With a heavy heart the The Watercraft Journal reports the loss of big wave surfer Kirk Passmore on the North Shore of Oahu last week. Hawaii’s mecca of surfing was experiencing the first large, Northwest swell of the season and surfers were taking full advantage of the extreme conditions. Sets in the 20-foot range were seen along the outer reefs creating a great kickoff to the winter season.
Over the last several years there has been a resurgence in big wave paddle-in surfing as apposed to the tow-in craze of the early 2000’s where surfers utilized personal watercraft to tow themselves into large waves. Despite the trend of forgoing mechanical assistance to actually catch the wave, PWC’s have remained a huge part of surfer safety in extreme conditions and last week was no exception.
32-year-old Kirk Passmore and a standout crew of top pro surfers were trading off on solid 20-foot sets at an outer reef know as Alligator Rock. Several PWCs were on hand to take action in the case of an emergency. At 11:20am Passmore was seen dropping in on a huge set wave. As he dropped down the face he caught his outside rail, sending him headfirst off his board with the lip of the wave impacting right behind him. Witnesses describe seeing Passmore’s feet sticking strait up in the air, with his head below water as the next wave came crashing down on top of him.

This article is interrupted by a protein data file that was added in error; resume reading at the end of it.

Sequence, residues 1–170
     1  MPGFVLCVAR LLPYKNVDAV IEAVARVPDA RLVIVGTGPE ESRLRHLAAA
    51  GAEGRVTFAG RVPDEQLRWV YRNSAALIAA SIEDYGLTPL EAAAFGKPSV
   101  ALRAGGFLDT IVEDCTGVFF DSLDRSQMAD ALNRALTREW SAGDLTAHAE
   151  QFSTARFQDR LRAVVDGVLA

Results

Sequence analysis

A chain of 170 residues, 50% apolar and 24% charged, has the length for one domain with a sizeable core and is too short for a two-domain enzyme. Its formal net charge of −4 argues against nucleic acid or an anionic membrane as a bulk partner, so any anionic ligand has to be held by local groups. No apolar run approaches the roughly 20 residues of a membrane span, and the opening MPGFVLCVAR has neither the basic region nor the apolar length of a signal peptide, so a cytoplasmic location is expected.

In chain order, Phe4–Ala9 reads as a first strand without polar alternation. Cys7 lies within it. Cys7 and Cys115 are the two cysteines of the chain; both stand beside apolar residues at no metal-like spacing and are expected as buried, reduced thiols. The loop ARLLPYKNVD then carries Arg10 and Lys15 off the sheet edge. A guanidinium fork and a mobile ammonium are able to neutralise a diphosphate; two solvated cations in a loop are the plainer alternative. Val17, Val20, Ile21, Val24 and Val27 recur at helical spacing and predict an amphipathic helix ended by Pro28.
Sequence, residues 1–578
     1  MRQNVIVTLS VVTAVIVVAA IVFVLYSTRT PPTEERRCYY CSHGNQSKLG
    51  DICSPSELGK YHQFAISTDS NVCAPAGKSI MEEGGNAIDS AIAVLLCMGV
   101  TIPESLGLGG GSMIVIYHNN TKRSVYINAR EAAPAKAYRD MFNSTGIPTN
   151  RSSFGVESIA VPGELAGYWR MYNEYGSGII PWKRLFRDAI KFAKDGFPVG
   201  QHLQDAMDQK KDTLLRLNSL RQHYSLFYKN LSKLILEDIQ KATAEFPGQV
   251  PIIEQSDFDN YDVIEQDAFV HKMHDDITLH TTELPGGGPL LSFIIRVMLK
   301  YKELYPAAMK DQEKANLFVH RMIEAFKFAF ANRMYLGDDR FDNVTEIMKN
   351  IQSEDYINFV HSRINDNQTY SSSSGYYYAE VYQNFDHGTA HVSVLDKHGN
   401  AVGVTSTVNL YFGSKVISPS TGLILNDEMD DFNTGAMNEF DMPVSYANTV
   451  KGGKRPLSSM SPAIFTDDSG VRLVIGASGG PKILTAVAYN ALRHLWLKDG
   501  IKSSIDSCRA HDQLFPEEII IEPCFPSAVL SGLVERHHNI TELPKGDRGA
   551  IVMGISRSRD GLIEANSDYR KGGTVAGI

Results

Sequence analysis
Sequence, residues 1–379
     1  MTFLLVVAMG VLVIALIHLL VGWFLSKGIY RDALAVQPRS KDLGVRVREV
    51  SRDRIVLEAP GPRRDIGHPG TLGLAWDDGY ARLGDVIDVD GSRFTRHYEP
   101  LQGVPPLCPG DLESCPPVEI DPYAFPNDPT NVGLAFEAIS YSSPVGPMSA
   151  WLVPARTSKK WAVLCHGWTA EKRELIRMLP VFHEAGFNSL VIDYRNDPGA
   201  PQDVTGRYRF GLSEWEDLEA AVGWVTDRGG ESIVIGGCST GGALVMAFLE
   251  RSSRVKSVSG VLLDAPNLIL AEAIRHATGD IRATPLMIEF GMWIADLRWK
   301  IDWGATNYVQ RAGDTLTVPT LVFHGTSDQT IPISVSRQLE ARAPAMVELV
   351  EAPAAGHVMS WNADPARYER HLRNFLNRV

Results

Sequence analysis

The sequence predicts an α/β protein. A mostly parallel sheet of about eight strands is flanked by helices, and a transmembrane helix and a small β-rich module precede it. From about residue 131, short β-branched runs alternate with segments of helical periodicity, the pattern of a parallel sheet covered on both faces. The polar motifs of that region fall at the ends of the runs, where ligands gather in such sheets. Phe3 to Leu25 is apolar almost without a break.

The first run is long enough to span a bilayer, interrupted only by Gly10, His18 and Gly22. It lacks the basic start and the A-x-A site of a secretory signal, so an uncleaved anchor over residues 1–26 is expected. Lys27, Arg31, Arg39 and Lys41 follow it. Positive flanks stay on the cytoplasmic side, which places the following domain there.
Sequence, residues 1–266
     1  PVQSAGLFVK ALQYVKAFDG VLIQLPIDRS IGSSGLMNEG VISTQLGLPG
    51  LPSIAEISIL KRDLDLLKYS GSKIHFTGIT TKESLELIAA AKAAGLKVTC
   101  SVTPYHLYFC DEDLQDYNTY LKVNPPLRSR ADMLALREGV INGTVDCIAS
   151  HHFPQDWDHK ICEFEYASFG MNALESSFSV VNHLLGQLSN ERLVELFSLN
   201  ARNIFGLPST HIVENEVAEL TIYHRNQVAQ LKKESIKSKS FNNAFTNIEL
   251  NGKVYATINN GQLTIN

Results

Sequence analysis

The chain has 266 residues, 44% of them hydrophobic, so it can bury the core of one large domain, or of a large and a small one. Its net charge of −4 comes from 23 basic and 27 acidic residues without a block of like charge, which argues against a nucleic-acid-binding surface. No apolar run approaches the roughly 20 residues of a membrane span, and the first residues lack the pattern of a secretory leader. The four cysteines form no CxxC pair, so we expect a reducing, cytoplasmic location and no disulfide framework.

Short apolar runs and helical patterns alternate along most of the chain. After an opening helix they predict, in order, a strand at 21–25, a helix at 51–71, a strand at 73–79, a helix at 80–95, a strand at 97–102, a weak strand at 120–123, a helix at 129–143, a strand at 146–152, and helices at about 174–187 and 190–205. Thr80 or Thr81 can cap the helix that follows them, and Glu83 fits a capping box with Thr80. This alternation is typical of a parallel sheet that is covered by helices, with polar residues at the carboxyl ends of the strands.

Safety crews aboard PWC raced in to grab him but were thwarted by repeated set waves. Passmore was not wearing a flotation jacket, something that has recently gained popularity among big wave surfers. Witness Chris Owens told Hawaii Now News, “They were trying to grab him but they had nothing to hold on to. You know like, everybody out there (pause) see what would have saved him is if he had a float vest on. Everybody wears float vests nowadays.” Pro surfer Jamie Sterling described his flotation vest he uses in extreme conditions, “I have co2 canisters in here. I can pull them and they blow up like the life vests on the airplane so if we get in trouble, I pull these and they go to the top and they stay inflated throughout my whole session so I have constant buoyancy.”
Rescue crews continued their search via PWC as well as helicopter and Coast Guard cutter but were unsuccessful. Despite the advantage of having PWCs on hand, one can never be too careful when in extreme conditions. The Watercraft Journal would like to send our condolences to the Passmore family as well as urge all of our readers to always wear a flotation device.
Below is a video of Kirk’s last wave. It has been released with the permission of the Passmore family so the community can share Kirk’s last ride.